Furlough: What it means and what to do

Always check your state’s website for specific rules and instructions, and call an employee if you’re unsure of anything.

Keeping an accurate log of your work search is important for streamlining your unemployment claim process. If you have access to Microsoft Excel or Google Sheets, these spreadsheet programs can help you outline the following info:

  • Weeks you’re claiming unemployment
  • Any online or in-person job search activities
  • Any job applications

Be sure to include relevant information like the company name, the point of contact (probably a hiring manager) and their email address or phone number, the date you applied, where and how you applied, and status of job (interview scheduled, rejected, etc).

Some job search sites like Monster.com, CareerBuilder, and LinkedIn keep track of jobs that you apply for through their site, which you may find helpful.

Get ahead of expiring unemployment with these job search tips


Do you have any unemployment work search tips to share?

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Lara Grant
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Glenyss nock

Since covid started my hours have been cut I've been drawing unemployment my year ended my hrs are still cut I re registered for benefits again 2 months have gone by and I still have not recieved any money what is going on?

19w
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Bryce Macki

How do teachers provide documentation for looking for jobs. School secretaries just ask with you if you have an application on line and go away. In so many words. Don't call us we'll call you. Teaching jobs are on each district web site. And checking the boxes is about all you can do. Then wait and hope to get a call for the job you want. I the old days I would go to the school and often get to speak to a school admin person. Sometimes hired on the spot.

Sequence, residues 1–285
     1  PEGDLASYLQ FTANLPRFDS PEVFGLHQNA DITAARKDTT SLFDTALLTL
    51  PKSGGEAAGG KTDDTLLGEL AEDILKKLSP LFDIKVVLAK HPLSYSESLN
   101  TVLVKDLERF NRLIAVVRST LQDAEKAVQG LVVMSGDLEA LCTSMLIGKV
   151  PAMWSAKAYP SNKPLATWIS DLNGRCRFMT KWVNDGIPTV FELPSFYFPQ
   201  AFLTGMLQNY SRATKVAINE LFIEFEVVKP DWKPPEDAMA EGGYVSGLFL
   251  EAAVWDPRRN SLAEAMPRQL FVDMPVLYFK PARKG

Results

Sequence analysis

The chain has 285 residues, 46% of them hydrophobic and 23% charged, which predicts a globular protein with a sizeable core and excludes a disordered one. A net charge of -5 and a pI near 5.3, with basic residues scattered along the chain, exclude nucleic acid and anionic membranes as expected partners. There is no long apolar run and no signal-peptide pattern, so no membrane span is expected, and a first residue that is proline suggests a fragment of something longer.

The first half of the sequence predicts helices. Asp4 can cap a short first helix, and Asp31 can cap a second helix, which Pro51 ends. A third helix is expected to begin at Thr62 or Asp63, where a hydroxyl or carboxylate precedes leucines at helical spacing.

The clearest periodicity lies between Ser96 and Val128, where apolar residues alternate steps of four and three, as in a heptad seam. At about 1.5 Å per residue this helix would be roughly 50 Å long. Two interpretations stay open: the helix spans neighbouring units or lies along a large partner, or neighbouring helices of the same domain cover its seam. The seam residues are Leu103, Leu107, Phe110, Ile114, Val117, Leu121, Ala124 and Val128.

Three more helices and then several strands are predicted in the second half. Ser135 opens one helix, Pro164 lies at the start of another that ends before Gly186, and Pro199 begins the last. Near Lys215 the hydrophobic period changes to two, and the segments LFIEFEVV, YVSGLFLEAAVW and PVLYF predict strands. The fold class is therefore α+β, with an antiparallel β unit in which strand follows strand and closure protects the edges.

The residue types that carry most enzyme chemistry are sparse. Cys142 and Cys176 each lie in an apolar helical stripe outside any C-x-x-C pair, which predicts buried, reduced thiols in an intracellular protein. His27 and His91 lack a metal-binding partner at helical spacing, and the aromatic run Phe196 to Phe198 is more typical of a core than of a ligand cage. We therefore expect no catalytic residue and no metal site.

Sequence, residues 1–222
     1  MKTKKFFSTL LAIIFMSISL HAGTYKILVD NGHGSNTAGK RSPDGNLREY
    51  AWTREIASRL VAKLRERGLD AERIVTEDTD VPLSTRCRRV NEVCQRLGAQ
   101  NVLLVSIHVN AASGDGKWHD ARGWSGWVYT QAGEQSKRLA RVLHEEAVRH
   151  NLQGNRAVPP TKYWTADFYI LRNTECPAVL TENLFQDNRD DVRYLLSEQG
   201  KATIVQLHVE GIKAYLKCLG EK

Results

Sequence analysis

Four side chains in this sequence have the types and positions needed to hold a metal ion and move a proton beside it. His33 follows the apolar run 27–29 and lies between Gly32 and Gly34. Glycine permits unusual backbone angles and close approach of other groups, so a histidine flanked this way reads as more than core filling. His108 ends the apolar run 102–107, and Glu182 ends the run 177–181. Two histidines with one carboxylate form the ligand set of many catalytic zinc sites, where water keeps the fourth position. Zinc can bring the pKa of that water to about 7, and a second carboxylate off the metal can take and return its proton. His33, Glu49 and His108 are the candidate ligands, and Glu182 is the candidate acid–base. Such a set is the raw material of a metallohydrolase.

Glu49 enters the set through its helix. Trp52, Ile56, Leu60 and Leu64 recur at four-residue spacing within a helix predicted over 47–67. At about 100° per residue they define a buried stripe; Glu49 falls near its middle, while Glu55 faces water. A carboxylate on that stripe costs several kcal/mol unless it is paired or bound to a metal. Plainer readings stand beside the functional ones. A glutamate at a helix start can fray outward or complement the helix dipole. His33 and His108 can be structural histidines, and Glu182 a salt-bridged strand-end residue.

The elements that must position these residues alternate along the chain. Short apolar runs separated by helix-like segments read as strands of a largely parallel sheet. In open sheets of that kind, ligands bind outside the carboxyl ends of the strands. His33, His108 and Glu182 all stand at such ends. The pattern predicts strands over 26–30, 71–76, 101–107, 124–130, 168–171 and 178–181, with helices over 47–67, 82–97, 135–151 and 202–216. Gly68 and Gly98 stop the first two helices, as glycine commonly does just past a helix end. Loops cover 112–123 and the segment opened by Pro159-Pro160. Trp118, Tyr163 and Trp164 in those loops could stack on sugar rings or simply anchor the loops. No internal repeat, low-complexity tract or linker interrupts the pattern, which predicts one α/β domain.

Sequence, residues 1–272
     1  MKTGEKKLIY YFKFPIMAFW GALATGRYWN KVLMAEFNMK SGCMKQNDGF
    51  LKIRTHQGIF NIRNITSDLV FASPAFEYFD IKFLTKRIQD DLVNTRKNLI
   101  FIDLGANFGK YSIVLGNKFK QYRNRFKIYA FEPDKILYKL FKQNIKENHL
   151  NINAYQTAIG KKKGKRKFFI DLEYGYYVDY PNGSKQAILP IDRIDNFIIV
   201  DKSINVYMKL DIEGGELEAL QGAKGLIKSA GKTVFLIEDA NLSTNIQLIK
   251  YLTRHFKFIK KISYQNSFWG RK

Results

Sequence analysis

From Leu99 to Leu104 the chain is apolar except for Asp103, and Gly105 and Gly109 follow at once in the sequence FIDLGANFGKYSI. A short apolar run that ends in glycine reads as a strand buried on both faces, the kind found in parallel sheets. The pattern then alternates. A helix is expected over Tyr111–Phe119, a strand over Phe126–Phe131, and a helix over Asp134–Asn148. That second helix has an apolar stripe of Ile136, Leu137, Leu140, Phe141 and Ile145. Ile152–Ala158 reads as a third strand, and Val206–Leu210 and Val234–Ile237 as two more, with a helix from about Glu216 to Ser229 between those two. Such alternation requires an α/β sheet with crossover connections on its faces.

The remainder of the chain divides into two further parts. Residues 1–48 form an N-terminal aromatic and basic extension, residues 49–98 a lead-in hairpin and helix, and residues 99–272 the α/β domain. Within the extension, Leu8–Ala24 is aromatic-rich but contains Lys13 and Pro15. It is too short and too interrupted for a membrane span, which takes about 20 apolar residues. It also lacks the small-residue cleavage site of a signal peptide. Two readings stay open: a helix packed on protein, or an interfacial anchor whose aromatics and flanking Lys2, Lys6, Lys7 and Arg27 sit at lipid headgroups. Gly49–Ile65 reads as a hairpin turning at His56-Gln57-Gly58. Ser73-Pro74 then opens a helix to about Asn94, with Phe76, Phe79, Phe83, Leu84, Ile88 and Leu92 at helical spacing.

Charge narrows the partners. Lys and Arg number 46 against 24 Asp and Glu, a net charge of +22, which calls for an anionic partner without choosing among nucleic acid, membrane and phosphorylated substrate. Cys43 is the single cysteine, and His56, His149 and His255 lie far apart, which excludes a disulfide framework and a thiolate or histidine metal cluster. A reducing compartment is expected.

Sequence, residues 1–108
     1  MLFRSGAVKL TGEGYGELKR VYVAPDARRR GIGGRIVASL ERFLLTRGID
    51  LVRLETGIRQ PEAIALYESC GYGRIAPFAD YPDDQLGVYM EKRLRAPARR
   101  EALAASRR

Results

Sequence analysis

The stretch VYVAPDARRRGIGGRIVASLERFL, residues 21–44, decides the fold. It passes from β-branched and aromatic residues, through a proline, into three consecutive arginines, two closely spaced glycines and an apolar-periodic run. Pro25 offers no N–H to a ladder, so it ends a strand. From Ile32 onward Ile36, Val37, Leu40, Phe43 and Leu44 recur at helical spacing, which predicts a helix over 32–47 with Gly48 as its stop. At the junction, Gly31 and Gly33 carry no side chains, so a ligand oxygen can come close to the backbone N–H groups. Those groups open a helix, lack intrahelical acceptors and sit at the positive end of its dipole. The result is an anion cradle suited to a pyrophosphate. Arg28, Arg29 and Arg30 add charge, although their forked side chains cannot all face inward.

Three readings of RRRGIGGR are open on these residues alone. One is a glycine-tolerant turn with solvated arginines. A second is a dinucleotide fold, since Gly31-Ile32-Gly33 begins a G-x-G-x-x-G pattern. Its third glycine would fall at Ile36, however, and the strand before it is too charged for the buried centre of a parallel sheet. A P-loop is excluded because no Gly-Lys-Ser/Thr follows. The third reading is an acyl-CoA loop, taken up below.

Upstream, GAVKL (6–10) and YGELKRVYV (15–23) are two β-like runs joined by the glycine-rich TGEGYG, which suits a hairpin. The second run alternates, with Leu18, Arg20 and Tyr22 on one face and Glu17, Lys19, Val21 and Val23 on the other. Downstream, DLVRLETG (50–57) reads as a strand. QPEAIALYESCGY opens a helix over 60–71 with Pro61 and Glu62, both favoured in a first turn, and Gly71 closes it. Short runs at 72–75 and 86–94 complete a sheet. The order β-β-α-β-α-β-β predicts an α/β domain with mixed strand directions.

19w
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Nicola Wilson

I was out of work last,I did everything I suppose to do u but I am still lock out I been trying to talk to someone. Out in June and half of May. Still haven't heard from no one.

19w
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1
Nicola Wilson

I know ,I am working now,just stared my job,but when I was out of work can I get last month money I was out on medical lead.

19w
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1
Nicola Wilson

They had me doing all that stuff sending my information in then they lock me out,I had a interview with someone on zoom still got nothing .

19w
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1
Etta Wright

I am actively applying online and mailing resumes, having difficulty due to my age, 72. Any advice?

19w
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1
Etta Wright

Have even dropped off resumes, any other ideas to help?

19w
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1
beth beth

lara what do I need to to keep getting my benefits thanks

19w
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1
Jacqueline Hunt

Scammers actually made an id me with my information and it completely stopped my unemployment. Because I can't verify my real id me. It's very frustrating.

18w
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Earline Brown

I never receive my benefits

17w